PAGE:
Govt. could have obtained leave of Supreme Court before constituting panel: CJ
The Madras High Court on Tuesday ordered notices returnable by July 5 to the Centre and the State government on a writ petition challenging the constitution of the Justice A.K. Rajan committee to study the impact of the National Eligibility-cum-Entrance Test (NEET) on medical admissions in the State.
Chief Justice Sanjib Banerjee and Justice Senthilkumar Ramamoorthy accepted a request made by Advocate-General R. Shunmugasundaram to grant him time to file a counter affidavit. The judges ordered that the papers should also be served on Additional Solicitor General R. Sankaranarayanan to ascertain the Centre’s stand.
K. Nagarajan, State general secretary of the BJP, had filed the writ petition. His counsel V. Raghavachari said NEET was introduced from the academic year 2017-18 to ensure merit-based admissions to medical colleges in the country. Nevertheless, the State government had been attempting to seek exemption from it through every possible means.
On June 22, 2017, a government order was issued, stating that medical admissions in the State would be conducted based on Plus Two marks for the academic year 2017-18 if the President grants assent before the release of the rank list to a Bill passed in the Assembly on February 1, 2017. Otherwise, it was decided to follow NEET marks for admissions during the year.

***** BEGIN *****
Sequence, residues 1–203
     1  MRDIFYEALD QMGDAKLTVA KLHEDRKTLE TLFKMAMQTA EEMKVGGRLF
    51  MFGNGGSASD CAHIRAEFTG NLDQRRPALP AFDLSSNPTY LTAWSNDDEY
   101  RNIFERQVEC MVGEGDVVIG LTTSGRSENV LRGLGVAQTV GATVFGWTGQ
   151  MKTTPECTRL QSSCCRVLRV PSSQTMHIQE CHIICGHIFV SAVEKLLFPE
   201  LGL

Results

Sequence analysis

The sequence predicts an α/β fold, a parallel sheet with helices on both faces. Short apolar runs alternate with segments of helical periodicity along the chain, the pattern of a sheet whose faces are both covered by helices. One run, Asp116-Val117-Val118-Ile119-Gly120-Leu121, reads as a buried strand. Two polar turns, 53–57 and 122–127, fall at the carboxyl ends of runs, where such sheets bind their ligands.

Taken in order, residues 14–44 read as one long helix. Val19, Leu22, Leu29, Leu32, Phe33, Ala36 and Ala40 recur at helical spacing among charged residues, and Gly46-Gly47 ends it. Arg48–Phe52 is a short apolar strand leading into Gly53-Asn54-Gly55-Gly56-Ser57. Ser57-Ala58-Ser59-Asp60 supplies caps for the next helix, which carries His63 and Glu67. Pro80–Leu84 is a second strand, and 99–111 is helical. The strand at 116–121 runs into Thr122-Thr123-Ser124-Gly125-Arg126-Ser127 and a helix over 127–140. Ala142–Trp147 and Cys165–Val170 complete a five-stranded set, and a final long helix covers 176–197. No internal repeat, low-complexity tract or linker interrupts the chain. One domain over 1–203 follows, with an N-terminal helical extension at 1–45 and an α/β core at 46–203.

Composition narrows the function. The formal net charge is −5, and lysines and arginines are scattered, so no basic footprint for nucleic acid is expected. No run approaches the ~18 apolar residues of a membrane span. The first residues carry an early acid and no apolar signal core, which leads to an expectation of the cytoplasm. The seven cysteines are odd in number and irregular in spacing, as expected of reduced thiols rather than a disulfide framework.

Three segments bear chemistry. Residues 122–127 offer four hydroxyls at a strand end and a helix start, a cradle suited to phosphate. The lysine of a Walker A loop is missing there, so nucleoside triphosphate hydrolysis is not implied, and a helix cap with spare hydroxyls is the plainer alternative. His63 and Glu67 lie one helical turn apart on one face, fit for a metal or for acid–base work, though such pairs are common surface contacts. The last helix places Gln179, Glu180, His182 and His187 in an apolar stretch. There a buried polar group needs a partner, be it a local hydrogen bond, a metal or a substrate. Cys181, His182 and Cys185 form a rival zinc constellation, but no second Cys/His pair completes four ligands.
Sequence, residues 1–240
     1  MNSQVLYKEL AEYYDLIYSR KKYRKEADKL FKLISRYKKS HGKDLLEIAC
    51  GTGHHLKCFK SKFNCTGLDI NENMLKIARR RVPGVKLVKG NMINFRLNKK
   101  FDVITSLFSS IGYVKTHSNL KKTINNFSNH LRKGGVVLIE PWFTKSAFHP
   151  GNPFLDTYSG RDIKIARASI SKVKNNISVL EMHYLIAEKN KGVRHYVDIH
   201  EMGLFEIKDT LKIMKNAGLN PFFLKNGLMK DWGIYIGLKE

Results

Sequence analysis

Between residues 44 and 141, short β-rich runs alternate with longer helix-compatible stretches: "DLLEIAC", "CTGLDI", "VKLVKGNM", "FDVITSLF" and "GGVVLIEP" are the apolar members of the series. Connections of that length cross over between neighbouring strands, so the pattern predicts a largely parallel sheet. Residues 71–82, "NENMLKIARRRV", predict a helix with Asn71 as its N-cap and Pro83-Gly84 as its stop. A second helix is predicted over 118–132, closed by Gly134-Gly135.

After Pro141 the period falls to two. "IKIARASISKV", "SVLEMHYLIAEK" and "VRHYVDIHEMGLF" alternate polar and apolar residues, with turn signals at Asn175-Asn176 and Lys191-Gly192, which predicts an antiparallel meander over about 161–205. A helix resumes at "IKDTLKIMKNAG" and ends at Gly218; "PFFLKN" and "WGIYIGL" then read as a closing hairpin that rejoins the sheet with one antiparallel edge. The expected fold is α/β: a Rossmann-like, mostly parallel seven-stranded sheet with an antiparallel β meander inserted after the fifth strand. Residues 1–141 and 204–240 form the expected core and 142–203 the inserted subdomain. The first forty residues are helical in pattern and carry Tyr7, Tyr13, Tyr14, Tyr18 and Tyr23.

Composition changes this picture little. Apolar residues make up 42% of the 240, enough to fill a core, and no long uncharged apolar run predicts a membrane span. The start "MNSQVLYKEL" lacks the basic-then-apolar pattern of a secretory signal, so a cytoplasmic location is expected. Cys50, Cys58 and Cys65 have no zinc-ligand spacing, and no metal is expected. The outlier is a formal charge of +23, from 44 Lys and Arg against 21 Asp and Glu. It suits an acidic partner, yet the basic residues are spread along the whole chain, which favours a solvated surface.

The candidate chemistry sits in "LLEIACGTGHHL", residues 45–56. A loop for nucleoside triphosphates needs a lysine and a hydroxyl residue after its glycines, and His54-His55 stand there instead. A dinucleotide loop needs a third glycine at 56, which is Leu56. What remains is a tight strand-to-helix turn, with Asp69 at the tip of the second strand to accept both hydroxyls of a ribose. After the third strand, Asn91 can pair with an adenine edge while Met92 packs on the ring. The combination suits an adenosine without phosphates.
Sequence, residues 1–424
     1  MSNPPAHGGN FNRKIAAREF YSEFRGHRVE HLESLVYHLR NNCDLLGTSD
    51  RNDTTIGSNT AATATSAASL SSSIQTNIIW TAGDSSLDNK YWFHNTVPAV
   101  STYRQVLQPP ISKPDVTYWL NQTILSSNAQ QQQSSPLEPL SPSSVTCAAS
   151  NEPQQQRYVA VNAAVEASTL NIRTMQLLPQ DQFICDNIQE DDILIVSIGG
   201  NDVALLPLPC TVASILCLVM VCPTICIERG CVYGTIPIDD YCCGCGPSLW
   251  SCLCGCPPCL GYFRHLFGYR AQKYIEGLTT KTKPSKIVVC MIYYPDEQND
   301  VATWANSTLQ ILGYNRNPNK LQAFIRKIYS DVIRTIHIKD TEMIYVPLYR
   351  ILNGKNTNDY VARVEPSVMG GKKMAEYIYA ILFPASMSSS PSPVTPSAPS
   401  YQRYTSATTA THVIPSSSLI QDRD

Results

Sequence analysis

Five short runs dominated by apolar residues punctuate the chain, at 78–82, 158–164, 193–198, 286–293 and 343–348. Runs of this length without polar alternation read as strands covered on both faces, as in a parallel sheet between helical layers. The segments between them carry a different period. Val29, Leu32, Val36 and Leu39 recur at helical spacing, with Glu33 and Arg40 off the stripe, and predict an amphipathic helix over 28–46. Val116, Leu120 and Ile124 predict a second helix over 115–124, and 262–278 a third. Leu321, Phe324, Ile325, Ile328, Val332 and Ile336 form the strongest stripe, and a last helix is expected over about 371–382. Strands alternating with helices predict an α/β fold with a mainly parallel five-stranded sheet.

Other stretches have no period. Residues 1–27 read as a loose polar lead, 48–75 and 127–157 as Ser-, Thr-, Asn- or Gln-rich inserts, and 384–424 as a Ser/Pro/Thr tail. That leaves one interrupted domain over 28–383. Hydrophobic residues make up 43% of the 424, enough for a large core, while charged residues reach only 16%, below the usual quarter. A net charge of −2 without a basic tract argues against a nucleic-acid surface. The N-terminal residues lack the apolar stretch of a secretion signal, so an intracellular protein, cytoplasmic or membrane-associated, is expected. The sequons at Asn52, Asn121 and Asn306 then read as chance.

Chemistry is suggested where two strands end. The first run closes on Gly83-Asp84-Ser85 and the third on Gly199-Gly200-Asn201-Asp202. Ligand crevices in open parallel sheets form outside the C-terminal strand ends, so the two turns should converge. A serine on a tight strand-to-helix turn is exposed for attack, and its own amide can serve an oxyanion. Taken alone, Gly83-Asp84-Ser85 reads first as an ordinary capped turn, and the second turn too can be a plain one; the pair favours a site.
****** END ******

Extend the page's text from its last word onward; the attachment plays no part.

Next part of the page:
While taking such a decision, the G.O. also stated that 85% medical seats shall be filled up with State Board students and 15% with Central Board of Secondary Education (CBSE) students.
When this issue was taken to the Supreme Court, a three-judge Bench of Justices Dipak Misra, Kurian Joseph and Amitava Roy dealt with the case.
The Bench, on August 22, 2017, ordered that the “State of Tamil Nadu shall not make any kind of distinction or discrimination between the examinations conducted by various Boards; and admissions shall be effected as per the result of the NEET examination.”
After reading out the Supreme Court’s order, Mr. Raghavachari said the State government had now embarked on a wasteful expenditure of public money by constituting a committee to study the impact of NEET, when the Supreme Court had categorically held that Tamil Nadu should fall in line with other States in the country and follow only NEET marks for medical admissions.
The Chief Justice said the constitution of the committee might end up to be an exercise in futility, when the Supreme Court had insisted upon medical admissions based on NEET alone. He also said the State government should have obtained the leave of the Supreme Court before constituting the panel.
In reply, the Advocate General told the court that the committee had been constituted following a policy decision taken by the court and to fulfil an electoral promise made by the ruling party. The A-G added that he would answer all those questions by way of a counter affidavit next week.